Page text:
Former NFL quarterback inspires fifth-graders to ride safely

Former NFL quarterback inspires fifth-graders to ride safely

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Former NFL quarterback Joey Harrington with fifth-graders at Roseway Heights School this morning.
(Photos © J. Maus/BikePortland)

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Former University of Oregon and NFL quarterback Joey Harrington has been hit in traffic while wearing a helmet many times. But it wasn’t until it happened to him off the field that it changed his life.

On July 31st of 2011, Harrington was hit from behind by a man driving an SUV. He was riding on SE Foster Road, returning to his downtown condo after riding a loop out on the Springwater Corridor. The collision left Harrington with serious injuries and he spent three days in the Intensive Care Unit. Today at Roseway Heights School he showed the helmet he was wearing that night to a few dozen fifth graders.

“Sometimes things to sideways, sometimes accidents happen,” he said, “Had it not been for this helmet right here [which he pointed out still has blood stains on it from his head], I honestly don’t know if I would be here right now. This saved my life.”

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Harrington driving home his point about helmets.

The students were all about to graduate from their Bike Safety Education class taught by the Bicycle Transportation Alliance (BTA). Harrington, and BTA Education Programs Manager LeeAnne Fergason were at the school today as part of an event to mark the 50,000th student to graduate from the class.

After his collision, Harrington vowed to work on bike safety issues through his foundation, which focuses on children’s education, safety, and health care. He shared with me this morning that he believes bike safety education, “Essentially covers all three of those things: It’s an education program, it’s child safety, and it’s keeping them out of the health care system.”

Harrington, who currently lives in northeast Portland and works as a broadcaster for FOX Sports in Los Angeles on the weekends, said when he got hit, he realized that within the same month there were two other fatal bicycle collisions. “People died. But mine was the one that was on SportsCenter and on the evening news. You rarely heard about the other accidents. I realized this was an opportunity to bring these issues to light.” While he says the city has a responsibility to create bike-friendly streets, Harrington feels people need to take responsibility for their own safety as well.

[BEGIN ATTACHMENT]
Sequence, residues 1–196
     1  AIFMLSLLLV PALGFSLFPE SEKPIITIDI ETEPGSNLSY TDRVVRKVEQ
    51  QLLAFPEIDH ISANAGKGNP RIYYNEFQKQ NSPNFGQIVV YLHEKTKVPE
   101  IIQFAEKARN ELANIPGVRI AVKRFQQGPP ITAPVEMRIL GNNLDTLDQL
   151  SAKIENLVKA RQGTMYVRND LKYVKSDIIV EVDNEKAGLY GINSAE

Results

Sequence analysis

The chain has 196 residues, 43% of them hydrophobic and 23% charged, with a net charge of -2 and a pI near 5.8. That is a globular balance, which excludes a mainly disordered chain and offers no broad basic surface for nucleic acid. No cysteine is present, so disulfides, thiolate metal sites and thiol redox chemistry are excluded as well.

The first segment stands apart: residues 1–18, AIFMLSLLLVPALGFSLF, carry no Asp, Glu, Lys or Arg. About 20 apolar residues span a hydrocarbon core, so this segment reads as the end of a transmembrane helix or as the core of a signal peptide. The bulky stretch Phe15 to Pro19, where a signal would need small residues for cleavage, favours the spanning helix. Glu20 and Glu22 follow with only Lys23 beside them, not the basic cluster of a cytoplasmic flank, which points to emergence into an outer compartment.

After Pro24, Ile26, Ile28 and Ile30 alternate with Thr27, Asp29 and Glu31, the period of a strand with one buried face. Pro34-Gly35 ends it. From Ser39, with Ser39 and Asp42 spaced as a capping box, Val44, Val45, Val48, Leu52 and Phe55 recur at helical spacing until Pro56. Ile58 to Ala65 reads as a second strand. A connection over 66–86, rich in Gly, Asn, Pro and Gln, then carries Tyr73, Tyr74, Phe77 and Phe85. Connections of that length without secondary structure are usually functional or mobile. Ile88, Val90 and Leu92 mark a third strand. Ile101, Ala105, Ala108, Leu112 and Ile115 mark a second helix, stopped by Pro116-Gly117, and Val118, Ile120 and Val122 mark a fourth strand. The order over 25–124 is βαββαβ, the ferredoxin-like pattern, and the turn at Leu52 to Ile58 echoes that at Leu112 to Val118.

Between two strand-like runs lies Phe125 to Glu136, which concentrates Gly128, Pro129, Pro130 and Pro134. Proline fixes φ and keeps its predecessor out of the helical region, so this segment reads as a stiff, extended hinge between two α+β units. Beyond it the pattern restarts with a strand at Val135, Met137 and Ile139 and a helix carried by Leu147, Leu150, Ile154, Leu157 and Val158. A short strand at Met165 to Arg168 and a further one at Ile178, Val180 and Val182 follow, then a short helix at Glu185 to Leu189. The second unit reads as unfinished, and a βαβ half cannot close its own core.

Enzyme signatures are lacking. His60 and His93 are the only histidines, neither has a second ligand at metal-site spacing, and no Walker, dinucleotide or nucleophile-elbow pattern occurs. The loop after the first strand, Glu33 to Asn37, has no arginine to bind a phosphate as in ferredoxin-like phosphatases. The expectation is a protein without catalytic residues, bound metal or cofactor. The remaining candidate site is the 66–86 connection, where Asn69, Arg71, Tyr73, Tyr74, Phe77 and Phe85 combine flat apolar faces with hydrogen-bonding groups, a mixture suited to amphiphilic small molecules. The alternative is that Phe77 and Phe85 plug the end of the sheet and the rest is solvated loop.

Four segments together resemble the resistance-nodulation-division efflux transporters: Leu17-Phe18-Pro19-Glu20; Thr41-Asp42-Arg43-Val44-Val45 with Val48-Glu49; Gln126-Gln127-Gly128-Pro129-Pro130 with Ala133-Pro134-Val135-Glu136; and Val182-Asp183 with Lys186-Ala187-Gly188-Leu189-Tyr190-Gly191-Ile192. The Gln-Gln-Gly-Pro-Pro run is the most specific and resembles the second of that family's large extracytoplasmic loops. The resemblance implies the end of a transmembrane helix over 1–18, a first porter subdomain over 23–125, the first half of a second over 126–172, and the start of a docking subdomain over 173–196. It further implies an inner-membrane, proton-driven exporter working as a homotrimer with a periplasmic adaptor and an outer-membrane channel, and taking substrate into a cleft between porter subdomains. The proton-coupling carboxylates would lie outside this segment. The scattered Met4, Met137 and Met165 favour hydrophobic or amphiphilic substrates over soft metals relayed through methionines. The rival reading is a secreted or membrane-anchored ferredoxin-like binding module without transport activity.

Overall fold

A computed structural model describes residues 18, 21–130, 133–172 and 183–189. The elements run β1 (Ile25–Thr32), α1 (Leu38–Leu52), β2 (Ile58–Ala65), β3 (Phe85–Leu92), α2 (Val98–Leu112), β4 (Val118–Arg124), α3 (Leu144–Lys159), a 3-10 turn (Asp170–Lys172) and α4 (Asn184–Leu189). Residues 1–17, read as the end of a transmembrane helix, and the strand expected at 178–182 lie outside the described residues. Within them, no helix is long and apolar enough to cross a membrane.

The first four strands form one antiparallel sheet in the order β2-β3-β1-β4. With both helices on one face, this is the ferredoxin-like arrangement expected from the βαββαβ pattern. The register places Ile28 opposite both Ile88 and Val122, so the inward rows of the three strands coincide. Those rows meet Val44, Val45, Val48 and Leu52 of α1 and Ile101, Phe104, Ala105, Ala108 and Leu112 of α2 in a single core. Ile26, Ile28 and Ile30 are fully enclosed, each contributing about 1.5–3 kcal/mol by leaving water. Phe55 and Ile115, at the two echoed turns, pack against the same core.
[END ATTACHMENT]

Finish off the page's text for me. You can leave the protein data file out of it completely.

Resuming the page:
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Harrington on camera with KATU News.

Harrington sees early education of children about how to operate a bicycle safely in traffic is key. “These kids will not only know how to stay safe now, they’ll grow up to be drivers that are conscious of bike riders.”

At the event this morning, Harrington’s words and his presence, definitely made an impact. The kids flocked to him to get his autograph and they looked up his towering figure (adorned with a brand new Nutcase UO Ducks helmet) with broad smiles and rapt attention. When Harrington shared the news that the Nutcase helmets they had on were theirs to keep, pandemonium nearly broke out: A few of the kids danced and several gasped with excitement about their new helmets. “Yes! We get to keep ’em!”

Before hopping on their bikes, the students were given one final refresher on the right-of-way rules. They shouted in unison: “First to stop, first to go! Furthest to the right goes first! Turning left goes last! And the zero rule (because it trumps all the other rules): Don’t get hit no matter what!”

Whether as a quarterback dodging massive tacklers or as a bike rider out for a spin, that’s a rule Harrington will never forget.

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Harrington and BTA Education Programs Manager LeeAnne Fergason.
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